Remember those small ads that used to promise you BIG MONEY for becoming a FREELANCE WRITER? They weren’t really believable.
Think back to when Liverpool was at the top of its game and the Trade Show was king. A while
When I ask people, ‘Who owns the social media side of your brand?’ – far too many say something like,
Am I the only one who has no idea how to use all these allegedly amazing new emojis and ways
I’ve talked a lot about the way brand journalism works with clients, colleagues in marketing, and reporters. But a very
People tell me the lines are very blurry between different roles in B2B hi-tech communications these days. Journalists seem to
I work with the sworn enemy of the career PR. Journalists. Yeah. I know. OMG. How can I bear to?
So this is a problem I’m never going to have: You spend ages and ages searching for the right person
You know a couple of weeks back when I blogged about a new way of working with breaking news –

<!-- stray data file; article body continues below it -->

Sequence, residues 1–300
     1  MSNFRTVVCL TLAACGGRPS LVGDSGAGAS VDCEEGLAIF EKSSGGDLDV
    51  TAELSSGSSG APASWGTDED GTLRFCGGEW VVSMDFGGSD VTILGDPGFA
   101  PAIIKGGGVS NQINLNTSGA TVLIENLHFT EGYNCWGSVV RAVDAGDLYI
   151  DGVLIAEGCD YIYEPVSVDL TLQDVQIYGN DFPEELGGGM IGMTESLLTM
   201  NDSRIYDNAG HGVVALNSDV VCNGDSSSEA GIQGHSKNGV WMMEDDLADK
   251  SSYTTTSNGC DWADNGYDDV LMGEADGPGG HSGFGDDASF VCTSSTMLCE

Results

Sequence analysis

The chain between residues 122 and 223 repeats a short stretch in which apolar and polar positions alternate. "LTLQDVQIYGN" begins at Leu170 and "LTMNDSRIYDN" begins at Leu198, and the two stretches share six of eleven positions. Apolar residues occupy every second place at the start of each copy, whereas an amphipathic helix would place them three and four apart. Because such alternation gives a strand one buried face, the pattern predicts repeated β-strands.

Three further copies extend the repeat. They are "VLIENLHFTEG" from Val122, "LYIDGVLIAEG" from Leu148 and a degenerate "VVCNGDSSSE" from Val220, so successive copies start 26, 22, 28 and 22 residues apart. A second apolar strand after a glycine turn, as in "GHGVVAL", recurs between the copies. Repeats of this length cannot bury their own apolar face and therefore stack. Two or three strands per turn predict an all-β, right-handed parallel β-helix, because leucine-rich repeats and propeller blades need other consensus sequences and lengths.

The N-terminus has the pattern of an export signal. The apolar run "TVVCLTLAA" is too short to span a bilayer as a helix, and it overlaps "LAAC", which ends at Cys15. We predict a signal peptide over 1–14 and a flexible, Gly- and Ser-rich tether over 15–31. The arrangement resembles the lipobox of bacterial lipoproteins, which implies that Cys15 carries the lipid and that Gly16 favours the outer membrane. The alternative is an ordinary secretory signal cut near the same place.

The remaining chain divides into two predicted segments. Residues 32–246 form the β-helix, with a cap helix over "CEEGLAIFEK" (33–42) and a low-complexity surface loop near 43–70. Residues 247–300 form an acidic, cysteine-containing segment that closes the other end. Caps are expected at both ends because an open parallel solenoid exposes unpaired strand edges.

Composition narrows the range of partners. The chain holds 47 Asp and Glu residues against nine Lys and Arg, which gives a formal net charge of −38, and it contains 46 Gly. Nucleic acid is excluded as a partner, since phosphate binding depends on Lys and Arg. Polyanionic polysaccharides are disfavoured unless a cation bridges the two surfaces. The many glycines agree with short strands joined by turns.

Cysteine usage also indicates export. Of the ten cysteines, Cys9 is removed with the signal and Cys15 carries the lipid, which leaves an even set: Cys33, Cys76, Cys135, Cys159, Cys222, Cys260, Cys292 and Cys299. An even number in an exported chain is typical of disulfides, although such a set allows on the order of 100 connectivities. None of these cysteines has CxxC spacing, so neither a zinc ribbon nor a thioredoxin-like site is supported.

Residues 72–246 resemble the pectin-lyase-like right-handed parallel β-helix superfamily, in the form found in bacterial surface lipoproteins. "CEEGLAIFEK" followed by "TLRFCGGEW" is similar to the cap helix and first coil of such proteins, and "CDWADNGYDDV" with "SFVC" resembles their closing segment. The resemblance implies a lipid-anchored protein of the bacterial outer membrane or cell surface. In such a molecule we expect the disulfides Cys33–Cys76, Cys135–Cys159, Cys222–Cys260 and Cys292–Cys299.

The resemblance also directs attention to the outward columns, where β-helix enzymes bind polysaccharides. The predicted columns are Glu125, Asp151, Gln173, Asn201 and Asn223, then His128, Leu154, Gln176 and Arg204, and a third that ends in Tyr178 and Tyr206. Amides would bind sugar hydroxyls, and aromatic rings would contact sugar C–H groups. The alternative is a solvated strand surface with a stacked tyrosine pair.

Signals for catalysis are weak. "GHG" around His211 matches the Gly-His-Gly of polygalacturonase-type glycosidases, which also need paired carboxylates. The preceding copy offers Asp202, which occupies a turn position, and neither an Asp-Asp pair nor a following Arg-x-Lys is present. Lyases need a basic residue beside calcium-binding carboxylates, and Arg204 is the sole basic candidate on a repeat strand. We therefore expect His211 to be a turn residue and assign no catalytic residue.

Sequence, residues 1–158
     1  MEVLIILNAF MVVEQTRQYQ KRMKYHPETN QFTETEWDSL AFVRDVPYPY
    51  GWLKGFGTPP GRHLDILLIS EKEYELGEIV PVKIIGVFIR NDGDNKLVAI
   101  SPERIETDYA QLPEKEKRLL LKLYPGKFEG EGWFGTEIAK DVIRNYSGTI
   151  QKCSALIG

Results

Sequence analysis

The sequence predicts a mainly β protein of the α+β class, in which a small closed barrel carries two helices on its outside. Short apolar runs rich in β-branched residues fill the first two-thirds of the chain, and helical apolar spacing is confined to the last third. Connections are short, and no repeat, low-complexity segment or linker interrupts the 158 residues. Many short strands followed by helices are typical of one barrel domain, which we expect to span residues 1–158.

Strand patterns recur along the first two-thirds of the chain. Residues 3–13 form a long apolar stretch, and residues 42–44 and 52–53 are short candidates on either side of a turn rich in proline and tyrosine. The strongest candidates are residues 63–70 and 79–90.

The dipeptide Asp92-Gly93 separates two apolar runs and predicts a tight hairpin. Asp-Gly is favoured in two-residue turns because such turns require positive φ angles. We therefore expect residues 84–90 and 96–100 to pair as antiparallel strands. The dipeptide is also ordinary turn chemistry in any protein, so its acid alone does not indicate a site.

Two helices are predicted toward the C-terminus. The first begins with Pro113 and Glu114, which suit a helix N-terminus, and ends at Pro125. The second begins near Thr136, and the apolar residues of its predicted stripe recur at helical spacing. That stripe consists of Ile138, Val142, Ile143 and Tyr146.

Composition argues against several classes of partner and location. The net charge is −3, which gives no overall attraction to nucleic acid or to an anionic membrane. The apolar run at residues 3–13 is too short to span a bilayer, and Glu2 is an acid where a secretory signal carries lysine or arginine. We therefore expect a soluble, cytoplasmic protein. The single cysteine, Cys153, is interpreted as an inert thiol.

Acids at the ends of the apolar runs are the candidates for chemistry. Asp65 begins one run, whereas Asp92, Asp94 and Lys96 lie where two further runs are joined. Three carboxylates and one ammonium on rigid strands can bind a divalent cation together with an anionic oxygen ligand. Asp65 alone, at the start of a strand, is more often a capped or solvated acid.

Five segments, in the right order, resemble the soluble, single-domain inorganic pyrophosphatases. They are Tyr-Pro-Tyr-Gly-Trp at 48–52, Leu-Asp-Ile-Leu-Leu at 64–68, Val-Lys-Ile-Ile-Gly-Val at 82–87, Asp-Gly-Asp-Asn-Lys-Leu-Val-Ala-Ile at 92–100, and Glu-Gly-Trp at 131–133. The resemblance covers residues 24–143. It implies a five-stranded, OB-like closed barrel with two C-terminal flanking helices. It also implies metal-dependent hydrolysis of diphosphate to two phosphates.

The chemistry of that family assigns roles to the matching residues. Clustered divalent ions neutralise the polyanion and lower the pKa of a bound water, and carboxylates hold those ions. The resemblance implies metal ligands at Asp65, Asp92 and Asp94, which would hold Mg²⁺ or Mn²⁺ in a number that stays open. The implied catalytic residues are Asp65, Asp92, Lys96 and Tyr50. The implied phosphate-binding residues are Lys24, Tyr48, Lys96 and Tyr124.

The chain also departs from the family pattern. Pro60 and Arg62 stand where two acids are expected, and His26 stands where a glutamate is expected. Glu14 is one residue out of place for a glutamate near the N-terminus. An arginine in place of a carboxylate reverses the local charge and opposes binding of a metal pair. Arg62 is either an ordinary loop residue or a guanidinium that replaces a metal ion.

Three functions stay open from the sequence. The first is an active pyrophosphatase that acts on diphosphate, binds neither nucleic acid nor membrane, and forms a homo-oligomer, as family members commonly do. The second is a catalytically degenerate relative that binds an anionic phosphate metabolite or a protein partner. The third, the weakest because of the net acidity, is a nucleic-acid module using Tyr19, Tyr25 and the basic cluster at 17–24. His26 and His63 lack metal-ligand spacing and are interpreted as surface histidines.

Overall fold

In traditional, ‘agency’ PR, there’s a well-established technique called ‘piggybacking.’ The idea’s straightforward enough, and is suggested well by the name: x event happens, so we produce comment on it from our client. Sound idea – but invariably terribly badly done Journalists want things they can use to take a story on to the next level, of course they do. Say the Town Hall burns down and the Fire Brigade says that it was caused by faulty wiring. It’s perfectly legitimate for electrical safety consultants to next day go to the press and suggest ways such disasters can be avoided in future – or for, say, insurers to remind us all that it’s always worth protecting yourself against the unexpected, and so on. Unfortunately, in hi-tech at least, what happens is this: Bad Thing Happens. Reporters get 100 emails the next morning – sometimes the same day – saying, ‘Oh, That bad Thing? If only enterprises had bought my